How does a child reconcile a home community that is occupied by a foreign army, but that is also the place she knows best in the world, the place where she celebrates holidays, plays with her cousins, and enjoys her favorite meals? In Aida Refugee Camp, the Arabic letter of ghayn stands for ghaseel, the laundry hanging outside to dry and ghuyuum, the clouds above, but it also stands for ghaz, tear gas, and ghaza, Gaza.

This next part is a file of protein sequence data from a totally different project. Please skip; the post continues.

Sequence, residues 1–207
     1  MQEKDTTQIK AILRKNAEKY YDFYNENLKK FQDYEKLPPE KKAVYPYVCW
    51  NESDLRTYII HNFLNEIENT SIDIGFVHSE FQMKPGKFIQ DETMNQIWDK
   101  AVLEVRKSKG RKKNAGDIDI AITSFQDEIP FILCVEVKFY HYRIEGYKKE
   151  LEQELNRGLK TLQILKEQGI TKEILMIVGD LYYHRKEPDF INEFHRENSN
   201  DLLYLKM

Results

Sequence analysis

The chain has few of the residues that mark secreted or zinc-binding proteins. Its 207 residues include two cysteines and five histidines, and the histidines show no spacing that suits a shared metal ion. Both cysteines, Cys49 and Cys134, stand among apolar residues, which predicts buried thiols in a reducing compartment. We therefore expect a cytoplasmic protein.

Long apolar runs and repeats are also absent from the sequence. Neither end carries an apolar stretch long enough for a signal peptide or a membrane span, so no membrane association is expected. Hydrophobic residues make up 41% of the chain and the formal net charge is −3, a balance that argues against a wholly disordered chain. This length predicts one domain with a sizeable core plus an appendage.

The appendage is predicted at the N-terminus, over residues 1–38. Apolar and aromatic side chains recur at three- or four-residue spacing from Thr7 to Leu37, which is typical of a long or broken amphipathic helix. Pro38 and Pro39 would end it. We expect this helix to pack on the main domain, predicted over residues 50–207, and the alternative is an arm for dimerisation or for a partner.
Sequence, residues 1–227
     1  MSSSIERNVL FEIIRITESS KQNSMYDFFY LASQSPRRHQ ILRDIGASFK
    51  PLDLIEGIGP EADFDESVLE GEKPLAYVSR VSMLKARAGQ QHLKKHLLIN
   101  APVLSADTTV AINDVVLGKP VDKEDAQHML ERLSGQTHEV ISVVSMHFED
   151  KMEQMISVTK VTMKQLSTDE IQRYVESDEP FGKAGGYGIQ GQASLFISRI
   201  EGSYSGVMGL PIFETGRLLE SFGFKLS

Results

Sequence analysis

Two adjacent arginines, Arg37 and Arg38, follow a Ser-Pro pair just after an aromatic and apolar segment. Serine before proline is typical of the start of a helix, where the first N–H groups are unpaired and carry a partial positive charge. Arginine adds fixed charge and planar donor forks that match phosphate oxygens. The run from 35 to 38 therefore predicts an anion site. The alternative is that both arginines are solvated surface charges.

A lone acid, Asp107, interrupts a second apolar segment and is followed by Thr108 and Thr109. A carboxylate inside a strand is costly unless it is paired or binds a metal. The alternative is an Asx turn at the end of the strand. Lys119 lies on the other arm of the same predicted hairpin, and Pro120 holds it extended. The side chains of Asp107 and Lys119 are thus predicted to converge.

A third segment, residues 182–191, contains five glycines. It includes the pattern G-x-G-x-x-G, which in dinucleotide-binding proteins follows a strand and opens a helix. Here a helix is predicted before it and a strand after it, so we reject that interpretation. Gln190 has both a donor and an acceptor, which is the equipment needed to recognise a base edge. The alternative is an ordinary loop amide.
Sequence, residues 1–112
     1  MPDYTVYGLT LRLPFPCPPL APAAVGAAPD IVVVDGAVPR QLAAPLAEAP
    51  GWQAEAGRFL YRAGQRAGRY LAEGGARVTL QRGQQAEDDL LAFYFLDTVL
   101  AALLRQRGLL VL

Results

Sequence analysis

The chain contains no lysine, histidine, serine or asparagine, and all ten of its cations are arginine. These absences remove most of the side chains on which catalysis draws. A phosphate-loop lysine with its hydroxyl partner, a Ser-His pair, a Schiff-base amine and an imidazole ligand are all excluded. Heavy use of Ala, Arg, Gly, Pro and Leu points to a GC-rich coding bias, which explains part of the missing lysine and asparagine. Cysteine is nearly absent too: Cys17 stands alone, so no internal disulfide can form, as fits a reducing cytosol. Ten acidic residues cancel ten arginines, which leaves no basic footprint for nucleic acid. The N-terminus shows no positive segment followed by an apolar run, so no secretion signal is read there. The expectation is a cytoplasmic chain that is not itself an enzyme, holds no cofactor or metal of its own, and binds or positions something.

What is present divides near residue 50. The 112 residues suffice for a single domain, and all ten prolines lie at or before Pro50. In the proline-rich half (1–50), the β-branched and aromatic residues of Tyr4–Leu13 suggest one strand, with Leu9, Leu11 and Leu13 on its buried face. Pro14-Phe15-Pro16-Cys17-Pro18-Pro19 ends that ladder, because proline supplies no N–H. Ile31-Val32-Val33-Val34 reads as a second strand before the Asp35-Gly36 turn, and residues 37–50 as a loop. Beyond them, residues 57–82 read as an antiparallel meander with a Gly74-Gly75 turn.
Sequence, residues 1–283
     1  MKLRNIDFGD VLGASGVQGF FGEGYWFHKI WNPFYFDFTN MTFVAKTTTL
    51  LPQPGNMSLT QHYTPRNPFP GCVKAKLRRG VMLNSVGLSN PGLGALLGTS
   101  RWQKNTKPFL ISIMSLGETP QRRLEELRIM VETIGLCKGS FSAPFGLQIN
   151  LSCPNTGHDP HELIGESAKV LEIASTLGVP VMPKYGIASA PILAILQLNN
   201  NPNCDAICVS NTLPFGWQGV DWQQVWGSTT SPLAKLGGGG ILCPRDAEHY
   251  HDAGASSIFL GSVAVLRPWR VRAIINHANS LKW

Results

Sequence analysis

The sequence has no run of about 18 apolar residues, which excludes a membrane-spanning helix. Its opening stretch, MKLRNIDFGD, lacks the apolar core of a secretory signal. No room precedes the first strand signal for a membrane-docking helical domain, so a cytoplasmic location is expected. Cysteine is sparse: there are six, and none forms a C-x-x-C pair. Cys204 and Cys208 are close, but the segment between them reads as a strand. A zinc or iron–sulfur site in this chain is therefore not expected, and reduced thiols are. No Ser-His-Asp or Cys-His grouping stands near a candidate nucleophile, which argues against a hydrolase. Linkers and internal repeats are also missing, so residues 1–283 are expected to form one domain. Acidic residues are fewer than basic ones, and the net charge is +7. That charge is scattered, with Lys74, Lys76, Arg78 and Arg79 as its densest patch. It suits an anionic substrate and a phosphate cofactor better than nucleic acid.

Aida Refugee Camp, near Bethlehem is home to about 5000 Palestinians from 27 villages depopulated by Zionist armies in 1948. Lajee Center, a community-based organization established in 2000 to serve the youth of Aida, is on the edge of the camp, just 100 meters from an Israeli army base and the separation wall. During the summer of 2014, children of Aidagathered at Lajee Center, led by Kifah Ajarma and Amahl Bishara, to brainstorm objects and ideas relevant to the camp that started with each letter of the Arabic alphabet. Then, they illustrated the book together through collage art. The result is a bi-lingual children’s book made by children of Aida Refugee Camp for people of all ages (5-105) to learn about everyday life in a Palestinian refugee camp. Read it and you will pick up some Arabic, too!